I sit facing the window. I watch people coming out of the Post Office and going in. I pour my tea, lovingly, from a cheap white china pot. I savour the fact that there are two cups of tea in this one teapot. I examine the strange tube of sugar they provide before shuffling it into my handbag (it’ll do for visitors). I read the little poem they print on the paper serviette. What a good idea, to have poems on serviettes. Sometimes it rains and the window steams up from all those damp coats coming in. Sometimes it doesn’t. The ladies behind the counter are friendly. You pay on your way out, not on your way in. Civilised, like.

Chocolates. Mum used to allow Dad one chocolate a day because she was watching their weight. Poor Dad. He was eighty-seven and could hardly move from his armchair. A trip to the loo was a major expedition involving the zimmer frame and a lot of shuffling. Surely he could have had three chocolates? At eighty-seven-and-losing-your-mind does it really matter if you put on a few pounds? For myself, I avoid chocolates, simply because I couldn’t eat just one. A whole box would be gone just like that.

There seems to be a theme to my treats. Could it be food?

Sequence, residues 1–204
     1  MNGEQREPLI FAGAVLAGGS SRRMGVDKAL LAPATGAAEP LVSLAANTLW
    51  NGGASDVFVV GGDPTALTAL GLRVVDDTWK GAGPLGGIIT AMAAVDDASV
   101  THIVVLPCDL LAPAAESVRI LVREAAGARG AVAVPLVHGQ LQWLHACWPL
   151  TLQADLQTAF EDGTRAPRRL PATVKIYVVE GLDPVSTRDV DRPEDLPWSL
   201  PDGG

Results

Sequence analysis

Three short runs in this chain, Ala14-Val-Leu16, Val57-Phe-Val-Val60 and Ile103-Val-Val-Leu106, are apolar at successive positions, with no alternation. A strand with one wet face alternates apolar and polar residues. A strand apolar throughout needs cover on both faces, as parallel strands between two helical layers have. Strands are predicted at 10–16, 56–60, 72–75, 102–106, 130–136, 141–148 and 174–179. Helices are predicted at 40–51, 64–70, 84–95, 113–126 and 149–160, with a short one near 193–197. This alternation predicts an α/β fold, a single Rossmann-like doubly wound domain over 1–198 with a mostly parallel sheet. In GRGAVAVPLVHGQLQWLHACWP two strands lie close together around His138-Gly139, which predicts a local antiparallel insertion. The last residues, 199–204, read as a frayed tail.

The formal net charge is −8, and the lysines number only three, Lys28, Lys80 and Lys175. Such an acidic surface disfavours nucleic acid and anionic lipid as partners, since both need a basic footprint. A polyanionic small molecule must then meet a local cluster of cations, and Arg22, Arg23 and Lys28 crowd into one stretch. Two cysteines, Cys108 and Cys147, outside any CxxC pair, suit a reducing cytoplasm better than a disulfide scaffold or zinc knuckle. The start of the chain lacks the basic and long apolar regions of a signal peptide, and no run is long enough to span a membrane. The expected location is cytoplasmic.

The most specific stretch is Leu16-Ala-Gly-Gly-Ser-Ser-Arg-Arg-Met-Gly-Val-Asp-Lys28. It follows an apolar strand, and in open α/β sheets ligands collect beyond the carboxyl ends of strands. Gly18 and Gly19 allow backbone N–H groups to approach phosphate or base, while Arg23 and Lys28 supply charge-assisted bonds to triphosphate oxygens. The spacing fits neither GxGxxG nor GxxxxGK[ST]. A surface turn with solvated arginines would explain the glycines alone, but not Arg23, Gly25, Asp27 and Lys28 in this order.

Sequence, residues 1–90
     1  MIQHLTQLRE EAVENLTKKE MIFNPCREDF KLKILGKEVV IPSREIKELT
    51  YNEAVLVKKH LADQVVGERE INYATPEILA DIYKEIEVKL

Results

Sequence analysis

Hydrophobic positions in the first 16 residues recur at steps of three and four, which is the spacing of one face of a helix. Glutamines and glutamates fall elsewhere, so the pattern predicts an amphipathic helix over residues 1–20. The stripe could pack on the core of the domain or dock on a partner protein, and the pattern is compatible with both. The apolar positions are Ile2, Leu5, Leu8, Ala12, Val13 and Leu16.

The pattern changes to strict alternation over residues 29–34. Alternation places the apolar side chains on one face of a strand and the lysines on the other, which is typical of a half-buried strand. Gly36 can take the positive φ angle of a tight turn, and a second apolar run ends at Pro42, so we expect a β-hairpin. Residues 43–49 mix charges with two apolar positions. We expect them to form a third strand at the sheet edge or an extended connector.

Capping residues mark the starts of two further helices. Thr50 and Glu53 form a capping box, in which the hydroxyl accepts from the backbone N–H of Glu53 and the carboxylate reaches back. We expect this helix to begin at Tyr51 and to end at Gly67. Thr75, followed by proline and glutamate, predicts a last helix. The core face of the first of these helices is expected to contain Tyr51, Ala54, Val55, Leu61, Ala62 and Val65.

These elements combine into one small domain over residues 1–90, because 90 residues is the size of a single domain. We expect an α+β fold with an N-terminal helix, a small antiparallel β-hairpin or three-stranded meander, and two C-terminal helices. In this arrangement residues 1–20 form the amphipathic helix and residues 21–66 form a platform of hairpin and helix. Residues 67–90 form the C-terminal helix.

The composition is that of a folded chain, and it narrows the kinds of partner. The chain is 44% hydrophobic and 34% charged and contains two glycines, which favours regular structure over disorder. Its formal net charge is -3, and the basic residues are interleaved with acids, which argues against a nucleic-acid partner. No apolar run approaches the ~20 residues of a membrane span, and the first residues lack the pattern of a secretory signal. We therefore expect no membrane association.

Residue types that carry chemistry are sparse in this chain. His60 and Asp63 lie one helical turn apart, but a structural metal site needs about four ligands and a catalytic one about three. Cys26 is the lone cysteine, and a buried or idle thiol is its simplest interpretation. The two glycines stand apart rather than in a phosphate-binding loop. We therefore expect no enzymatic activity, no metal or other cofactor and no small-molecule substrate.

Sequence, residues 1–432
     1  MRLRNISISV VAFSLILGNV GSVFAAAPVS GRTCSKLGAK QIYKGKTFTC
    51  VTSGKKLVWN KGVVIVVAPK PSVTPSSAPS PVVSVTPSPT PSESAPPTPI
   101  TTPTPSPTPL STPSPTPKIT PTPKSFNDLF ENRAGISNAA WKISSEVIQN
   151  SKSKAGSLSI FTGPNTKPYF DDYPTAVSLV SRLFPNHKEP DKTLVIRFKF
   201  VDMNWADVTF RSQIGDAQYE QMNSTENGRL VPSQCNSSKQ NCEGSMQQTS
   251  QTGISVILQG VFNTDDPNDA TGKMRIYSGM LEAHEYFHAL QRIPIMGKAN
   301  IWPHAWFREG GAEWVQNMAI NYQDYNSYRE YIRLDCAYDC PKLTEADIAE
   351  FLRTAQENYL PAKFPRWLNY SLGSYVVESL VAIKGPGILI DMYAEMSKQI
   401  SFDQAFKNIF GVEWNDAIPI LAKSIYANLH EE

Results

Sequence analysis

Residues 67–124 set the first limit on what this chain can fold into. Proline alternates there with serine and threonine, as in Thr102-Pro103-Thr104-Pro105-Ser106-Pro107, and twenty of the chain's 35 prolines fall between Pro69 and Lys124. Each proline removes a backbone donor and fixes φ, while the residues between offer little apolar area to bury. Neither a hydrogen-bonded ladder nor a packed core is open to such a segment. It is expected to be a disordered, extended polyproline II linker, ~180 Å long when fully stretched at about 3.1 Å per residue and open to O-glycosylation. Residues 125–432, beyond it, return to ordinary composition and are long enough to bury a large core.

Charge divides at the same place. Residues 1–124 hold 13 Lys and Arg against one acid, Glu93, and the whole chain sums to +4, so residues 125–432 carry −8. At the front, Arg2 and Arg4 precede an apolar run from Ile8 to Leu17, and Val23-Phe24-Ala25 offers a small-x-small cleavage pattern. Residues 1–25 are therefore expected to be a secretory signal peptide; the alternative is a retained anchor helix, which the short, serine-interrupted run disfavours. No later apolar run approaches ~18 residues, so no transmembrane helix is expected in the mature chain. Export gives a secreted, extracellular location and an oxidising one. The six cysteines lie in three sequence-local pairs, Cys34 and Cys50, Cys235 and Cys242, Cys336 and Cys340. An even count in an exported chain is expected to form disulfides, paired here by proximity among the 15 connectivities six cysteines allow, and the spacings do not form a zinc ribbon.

Do you allow yourself any special treats?

Dreaming with your feet

Daisy was remembering a mutual friend, who died a while back. She wasn’t old enough to die but she did, anyway. I shall call her Amy. We were talking about dancing – that’s how it came up. Daisy said something to the effect that she herself had always been self-conscious about dancing and I said it was the same with me. Wanted to dance, just…

And Daisy said she remembered Amy dancing, and how she really got into the music at any social event, let it carry her away; dancing in a world of her own. Amy was kind of small and freckly and had a twisted back, and yet when she danced people looked only at her dancing, took pleasure in the sight of her, dreaming with her feet. Isn’t that the best memorial?

I stumbled across a list of 100 prompts, which I thought I might attempt. Not necessarily one a day for the next 100 days (heaven forefend!). Number 1 is Dance. It’ll be a bit random, since I’m in a random sort of mood tonight: